The workshop concluded with a brief cataloging exercise, using AMIM. A handout of the presentation slides and a handout summarizing cataloging principles, differences between AMIM1 and AMIM2, and a list of AMIM features were distributed to participants.

 

Creating Annotations for Nonbook Materials, presented by Donald Clay Johnson, Ames Library of South Asia

Reported by Jeannette Ho, Texas A&M University

 

In this workshop, Donald Clay Johnson led the participants in a discussion about the process of creating annotations for nonbook materials. The discussion focused primarily on websites. He began by introducing his role as the South Asia Specialist at the Digital Asia Library <http://digitalasia.library.wisc.edu> where he edits annotations for websites to be added to its collection. He then asked participants to critique examples of annotations for websites and books contained on two handouts. At the end of the workshop, he led the participants in creating annotations based on web page printouts contained in a third handout.

 

It was agreed that annotations need to be succinct, factual, and objective in order to be included as summary notes in catalog records. In addition, annotations should describe resources in enough detail to help readers make informed decisions about whether to use them. In particular, workshop participants noted that the first annotation for an organization’s website merely described the organization without describing what was on the actual site. According to Johnson, an effective annotation for an agency’s website should do the following: allow readers to rapidly identify the type of organization being described, and describe what readers will find once they link to the website, including its features, and give them a sense of why they would want to see it.

 

Johnson stressed that creating effective annotations is an art, not a science. Catalogers should keep the questions, “Who, what, when, where, and why” in mind, even though not all of them may apply to a particular resource. Catalogers should also seek to bring out information that is unique to a geographic region.

 

Participants discussed how annotations should avoid the use of emotion-based words that express value judgments (e.g., “stupendous,” “horrendous,” etc.) and to avoid quoting directly from websites and book jackets, since these sources tend to use excessive emotional language to promote the resources they describe. In addition, they may not present accurate information. For instance, Johnson commented that catalogers should be alert to information on websites that may seem illogical.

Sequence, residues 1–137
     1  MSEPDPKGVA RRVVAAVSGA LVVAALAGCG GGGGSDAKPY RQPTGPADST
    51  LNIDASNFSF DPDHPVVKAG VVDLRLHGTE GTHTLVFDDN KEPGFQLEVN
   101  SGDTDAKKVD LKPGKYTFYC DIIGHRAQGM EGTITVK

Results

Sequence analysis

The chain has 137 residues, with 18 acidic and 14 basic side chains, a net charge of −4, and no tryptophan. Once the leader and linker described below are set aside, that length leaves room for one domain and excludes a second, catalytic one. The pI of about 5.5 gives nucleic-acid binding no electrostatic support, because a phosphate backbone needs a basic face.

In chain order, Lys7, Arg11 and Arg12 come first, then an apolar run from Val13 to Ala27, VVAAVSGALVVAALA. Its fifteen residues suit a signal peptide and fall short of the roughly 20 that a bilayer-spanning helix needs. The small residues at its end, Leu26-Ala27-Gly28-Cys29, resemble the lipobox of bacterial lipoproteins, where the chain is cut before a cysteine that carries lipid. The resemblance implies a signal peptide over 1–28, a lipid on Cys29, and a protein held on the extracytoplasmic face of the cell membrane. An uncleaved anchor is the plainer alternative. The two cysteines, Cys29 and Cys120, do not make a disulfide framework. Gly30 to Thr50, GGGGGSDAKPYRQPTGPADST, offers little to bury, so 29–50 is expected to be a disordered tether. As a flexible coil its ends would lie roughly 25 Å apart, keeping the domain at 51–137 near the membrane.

Workshop participants also considered ways to make annotations succinct. It was agreed that long, wordy annotations would only increase the number of false hits during keyword searches. Annotations for websites should only report information that is expected to remain stable and omit details that may change over time (e.g., number of publications, number of departments of an agency, etc.). As the content of websites are continually changing, an annotation only describes a site at a single point in time. This fact makes it extremely important to include the date the cataloger viewed the resource in the catalog record. In addition, annotations for fictional works should indicate that they are fiction, but should not contain so much detail as to give away the entire plot.

 

The pros and cons of including important terms not represented by controlled vocabulary were also discussed. Participants were cautioned to use judgment when deciding to include special terms in annotations, and to consider whether they truly help users or cause them to have greater difficulty with keyword searches. For example, one annotation on the second handout contained the word “Dalit” (an “untouchable” person in Indian society). Participants discussed whether including this term in an annotation for a fictional work would help users looking for novels about Dalits, or merely increase the number of irrelevant results for researchers conducting keyword searches for scholarly materials on this topic. According to Johnson, users are easily overwhelmed by vast numbers of irrelevant results during keyword searches, and often have difficulty evaluating which resources would meet their needs. Thus, it is important to consider one’s audience when deciding whether to include such terms in summary notes.

 

Finally, Johnson led the audience in creating annotations for two websites on his third handout-- an overview of the “Chipko Movement” in India, and the “about” page and contents pages for the Digital South Asia Library. Each annotation created during the workshop consisted of a brief description of the subject of the particular site, which included important key terms (names of geographic areas and agencies), and a list of features and resources to be found on the websites. Broad and redundant terms (“environment,” and “online”) were avoided, as well as the term “full text,” since libraries often use full text content as a selection criterion. While Johnson initially used complete sentences, workshop participants recommended using phrases.